A mass grave containing the remains of several human corpses was discovered by construction workers near the Onon River in the Khentii province of Mongolia.
After the workers discovered the burial site, they soon informed Forensic experts and archaeologists. Experts revealed that the site was the Mongolian royal tomb from the 13th century, which made scientists believe that it is the tomb of Genghis Khan. Archaeologists also confirmed that the content in the tomb was badly deteriorated due to the fact that the tomb was built beneath the river bed for centuries before the course of the river changed in the early 18th century.
The team of scientists in unity with the University of Beijing has come to the conclusion that the numerous skeletons buried on top of the structure are most likely the slaves who had built the tomb, and that they were then massacred to keep the secret of the location.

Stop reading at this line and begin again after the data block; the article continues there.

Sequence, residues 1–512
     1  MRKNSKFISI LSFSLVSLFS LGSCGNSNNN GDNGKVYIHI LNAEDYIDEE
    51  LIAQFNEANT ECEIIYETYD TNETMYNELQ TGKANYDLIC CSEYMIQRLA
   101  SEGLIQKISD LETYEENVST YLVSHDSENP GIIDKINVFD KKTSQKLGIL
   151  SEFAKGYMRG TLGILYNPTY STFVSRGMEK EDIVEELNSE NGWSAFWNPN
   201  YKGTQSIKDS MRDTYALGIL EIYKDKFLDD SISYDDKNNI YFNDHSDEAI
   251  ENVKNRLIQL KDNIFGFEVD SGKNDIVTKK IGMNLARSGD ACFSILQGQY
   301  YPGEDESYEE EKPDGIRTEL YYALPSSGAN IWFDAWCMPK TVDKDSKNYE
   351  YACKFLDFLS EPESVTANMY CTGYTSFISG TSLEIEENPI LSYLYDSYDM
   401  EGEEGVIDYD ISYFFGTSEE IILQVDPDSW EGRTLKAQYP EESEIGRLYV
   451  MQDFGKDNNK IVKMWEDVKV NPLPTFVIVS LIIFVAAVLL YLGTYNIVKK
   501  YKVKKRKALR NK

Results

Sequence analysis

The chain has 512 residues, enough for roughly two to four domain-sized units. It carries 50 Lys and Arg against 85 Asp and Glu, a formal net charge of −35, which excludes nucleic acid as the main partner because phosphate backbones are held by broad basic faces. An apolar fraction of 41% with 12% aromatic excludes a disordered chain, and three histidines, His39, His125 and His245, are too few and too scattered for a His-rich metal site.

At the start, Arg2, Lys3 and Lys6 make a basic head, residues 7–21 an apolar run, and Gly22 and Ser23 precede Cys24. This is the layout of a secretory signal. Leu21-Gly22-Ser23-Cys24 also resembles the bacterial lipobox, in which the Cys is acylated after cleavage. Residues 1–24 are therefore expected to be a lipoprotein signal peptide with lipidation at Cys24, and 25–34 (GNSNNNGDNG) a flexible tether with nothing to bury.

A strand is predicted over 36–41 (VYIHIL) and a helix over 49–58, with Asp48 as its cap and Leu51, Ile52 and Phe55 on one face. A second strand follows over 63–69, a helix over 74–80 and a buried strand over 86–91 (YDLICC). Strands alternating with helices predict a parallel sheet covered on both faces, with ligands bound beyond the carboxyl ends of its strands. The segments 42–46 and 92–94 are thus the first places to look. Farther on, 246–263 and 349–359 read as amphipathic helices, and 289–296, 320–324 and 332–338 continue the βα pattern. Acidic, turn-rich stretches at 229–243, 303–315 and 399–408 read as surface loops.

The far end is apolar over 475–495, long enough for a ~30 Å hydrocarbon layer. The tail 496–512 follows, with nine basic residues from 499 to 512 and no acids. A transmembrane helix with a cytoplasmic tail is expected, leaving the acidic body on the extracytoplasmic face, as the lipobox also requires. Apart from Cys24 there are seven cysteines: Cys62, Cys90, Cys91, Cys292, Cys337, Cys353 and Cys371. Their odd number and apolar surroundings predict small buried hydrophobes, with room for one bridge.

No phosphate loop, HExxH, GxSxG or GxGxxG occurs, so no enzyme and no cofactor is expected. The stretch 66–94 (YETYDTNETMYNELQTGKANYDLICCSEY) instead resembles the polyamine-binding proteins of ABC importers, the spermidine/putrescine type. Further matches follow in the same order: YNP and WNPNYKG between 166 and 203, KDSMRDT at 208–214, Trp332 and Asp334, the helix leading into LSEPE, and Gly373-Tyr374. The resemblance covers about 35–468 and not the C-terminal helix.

A total of 68 skeletons were found in the tomb, along with hundreds of gold and silver artefacts, thousands of coins and twelve horses, which were most certainly sacrificed to accompany the Great Khan in death. Seventeen skeletons have also been identified which included one tall male, and sixteen females, which were presumably the wives and concubines of the leader.
Archaeologists believe that, due to the amount of treasure and the number of sacrificed animals and people found in the tomb, the burial site is of a really powerful Mongol warlord.
By performing an extensive set of tests and analysis, scientists were able to confirm that the body of the male was between the age of 60 and 75 and died between 1215 and 1235 AD, and confirmed that the tomb does indeed belong to Genghis Khan.
Due to the historical importance of Genghis Khan, this discovery is one of the most important in the history of archaeology.